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I've never programmed in Python, but I recently came across an article talking about the differences of learning Python 2 vs Python 3 and committing to one version or the other.

What are the abstract level differences between Python 2 and Python 3 as it relates to hobbyists doing hobbyist things on the Pi and learning Python?

For example, does either provide a significant advantage or disadvantage to working with the GPIO, or other IO, of the Pi? Are any features of the Pi hampered, nerfed, or not present by using one version over the other?

Looking at the flavor text of the Python tag, it seems that I don't have to choose because both usually come with the OS. For some reason, that seems confusing.

  • This seems to be an inappropriate question for this site. You might have more luck on raspberrypi.org/forums – joan Nov 7 '17 at 23:13
  • Many people would argue that any version of Python is "nerfing" (as you put it), so in some sense the entire premise of this question is nonsense. (Raspberry Pi isn't pushing Python because it's "good" in any sense - They are pushing it because they think it's easy.) To the extent that there are, as you note, two "live" version of Python at the moment it probably depends on what you want to do and a matter of opinion, so I think that's ultimately off-topic for this site. – Brick Nov 7 '17 at 23:25
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    Personally I disagree with the other two comments about this not being a valid question for the site, I believe its a valid question for someone coming to the platform. Fundamentally this is a QA site about the pi platform. Considering the question was worded specifically towards RPI I have put in my answer, even though it would be the same answer regardless. – crasic Nov 8 '17 at 0:05
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    I think this question is framed for a Pi context well enough to not be off-topic and neither do answers to it need to be opinion-based. The existence of certain features (say libs for GPIO and the respective Python versions) or the lack thereof can be discussed quite objectively. Given that Python 2.x retires in 2020 I would however go so far and say: Starting Python now? Do yourself a favour and go for Python 3. If there are key libraries out there not available for Py 3 those should be migrated or you'll have to look for valid alternatives. – Ghanima Nov 8 '17 at 7:00
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It's the same language, just a new version/revision of the standard and specification.The differences are subtle enough that you likely won't notice.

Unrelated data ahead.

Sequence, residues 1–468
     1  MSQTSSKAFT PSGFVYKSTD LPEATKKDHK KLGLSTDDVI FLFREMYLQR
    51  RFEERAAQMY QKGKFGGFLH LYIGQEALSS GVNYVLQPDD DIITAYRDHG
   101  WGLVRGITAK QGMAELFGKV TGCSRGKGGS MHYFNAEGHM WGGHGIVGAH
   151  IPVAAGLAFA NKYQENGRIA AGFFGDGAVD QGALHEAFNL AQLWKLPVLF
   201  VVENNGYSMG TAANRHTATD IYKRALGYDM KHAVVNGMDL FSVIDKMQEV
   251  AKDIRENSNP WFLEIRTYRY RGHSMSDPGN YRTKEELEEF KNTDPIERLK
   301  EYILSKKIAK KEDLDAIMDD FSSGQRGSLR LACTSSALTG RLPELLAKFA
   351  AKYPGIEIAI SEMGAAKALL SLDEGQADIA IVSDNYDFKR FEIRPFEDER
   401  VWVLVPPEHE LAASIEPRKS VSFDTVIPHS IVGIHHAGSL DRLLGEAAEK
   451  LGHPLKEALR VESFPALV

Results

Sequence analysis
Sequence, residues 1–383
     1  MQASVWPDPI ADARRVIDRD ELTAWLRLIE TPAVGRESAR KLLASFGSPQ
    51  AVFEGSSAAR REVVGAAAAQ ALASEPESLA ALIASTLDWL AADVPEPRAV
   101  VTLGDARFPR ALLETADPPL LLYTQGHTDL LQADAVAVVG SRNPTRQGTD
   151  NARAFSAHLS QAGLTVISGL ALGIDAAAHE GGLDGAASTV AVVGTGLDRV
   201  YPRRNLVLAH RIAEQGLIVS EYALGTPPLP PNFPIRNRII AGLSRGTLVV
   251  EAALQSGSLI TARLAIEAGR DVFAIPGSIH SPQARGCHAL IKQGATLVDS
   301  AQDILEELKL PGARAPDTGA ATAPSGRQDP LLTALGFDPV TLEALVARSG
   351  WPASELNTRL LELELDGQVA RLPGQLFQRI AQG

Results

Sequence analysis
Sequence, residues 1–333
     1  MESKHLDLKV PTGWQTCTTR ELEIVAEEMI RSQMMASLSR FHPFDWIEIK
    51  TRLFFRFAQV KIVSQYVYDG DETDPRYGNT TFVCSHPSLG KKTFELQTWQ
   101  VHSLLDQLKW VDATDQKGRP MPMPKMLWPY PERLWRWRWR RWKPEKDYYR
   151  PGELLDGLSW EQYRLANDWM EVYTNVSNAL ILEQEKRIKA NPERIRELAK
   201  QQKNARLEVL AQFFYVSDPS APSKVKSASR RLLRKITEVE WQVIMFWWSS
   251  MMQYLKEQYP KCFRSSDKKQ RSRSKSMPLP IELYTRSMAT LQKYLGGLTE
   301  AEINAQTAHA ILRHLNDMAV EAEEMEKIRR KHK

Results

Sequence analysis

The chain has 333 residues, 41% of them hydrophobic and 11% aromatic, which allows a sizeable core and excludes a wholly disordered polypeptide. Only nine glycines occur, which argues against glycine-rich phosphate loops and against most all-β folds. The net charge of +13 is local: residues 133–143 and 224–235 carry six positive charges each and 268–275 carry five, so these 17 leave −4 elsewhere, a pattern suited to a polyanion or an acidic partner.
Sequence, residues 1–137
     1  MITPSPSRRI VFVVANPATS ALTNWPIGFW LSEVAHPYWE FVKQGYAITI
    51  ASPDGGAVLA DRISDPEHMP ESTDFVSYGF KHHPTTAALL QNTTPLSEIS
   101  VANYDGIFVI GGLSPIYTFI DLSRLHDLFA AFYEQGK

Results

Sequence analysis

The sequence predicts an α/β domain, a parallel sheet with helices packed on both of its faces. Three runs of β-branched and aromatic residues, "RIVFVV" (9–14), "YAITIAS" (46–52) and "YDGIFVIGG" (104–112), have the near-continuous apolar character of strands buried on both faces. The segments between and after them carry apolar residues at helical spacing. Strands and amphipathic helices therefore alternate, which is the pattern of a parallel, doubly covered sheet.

Languages are very formal, standardized things, like dictionaries, maps, or laws.

When the standard changes or a feature is added - usually after a long period of debate and discussion - this formal document is updated. Which triggers a new version number.

Python3 was a significant update to the existing standard so they went as far as to change the first number in the version field to indicate its significance. However, its "still python"

From the python.org page on 2vs3

What are the differences?

Short version: Python 2.x is legacy, Python 3.x is the present and future of the language

If it were me I would start learning from the current version, unless you have a compelling reason not too - like a must have library written for python2.


Details

What are the abstract level differences between Python 2 and Python 3 as it relates to hobbyists doing hobbyist things on the Pi and learning Python?

Practically None.

For systems engineering perspective (larger embedded projects), there are a few features in Python3 that make it a more suitable language for designing large systems.

For example, does either provide a significant advantage or disadvantage to working with the GPIO, or other IO, of the Pi? Are any features of the Pi hampered, nerfed, or not present by using one version over the other?

No, There is no significant advantage or disadvantage for one vs the other for learning or doing "hobbyist" things.

However, If there is a library, tutorial, or example you wish to try that supports one and not the other then start with that version

Python2 still has more support from libraries, and more code for it on e.g. github to use as example. But this is rapidly changing.

because both usually come with the OS. For some reason, that seems confusing.

It can be.

There are many system utilities and applications available that are written using python, often these programs work well, and are very well tested from many uses.

Porting to Python3 presents a risk that may not be worth the effort. As such many systems will package both python2 and python3 in order to run software that requires one or the other.

I would highly recommend that you learn to use virtualenv and pip to create local, customized installations of python on a per-project basis. The "system" python is intended to support installed programs and may not be the version you want to use

  • Very useful, could you provide some link about pip and virtualenv to learn? Thx – Philippe Gachoud Nov 15 '18 at 17:20
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    @PhilippeGachoud I can suggest a related answer of mine and a related stackoverflow question, as well as the python guide on virtualenv here. The basic rule of thumb is apt-get to install system packages, virtualenv + pip to install project(s) specific environments. pyenv is an advanced wrapper that allows even more configuration on top of virtualenv – crasic Nov 15 '18 at 18:45

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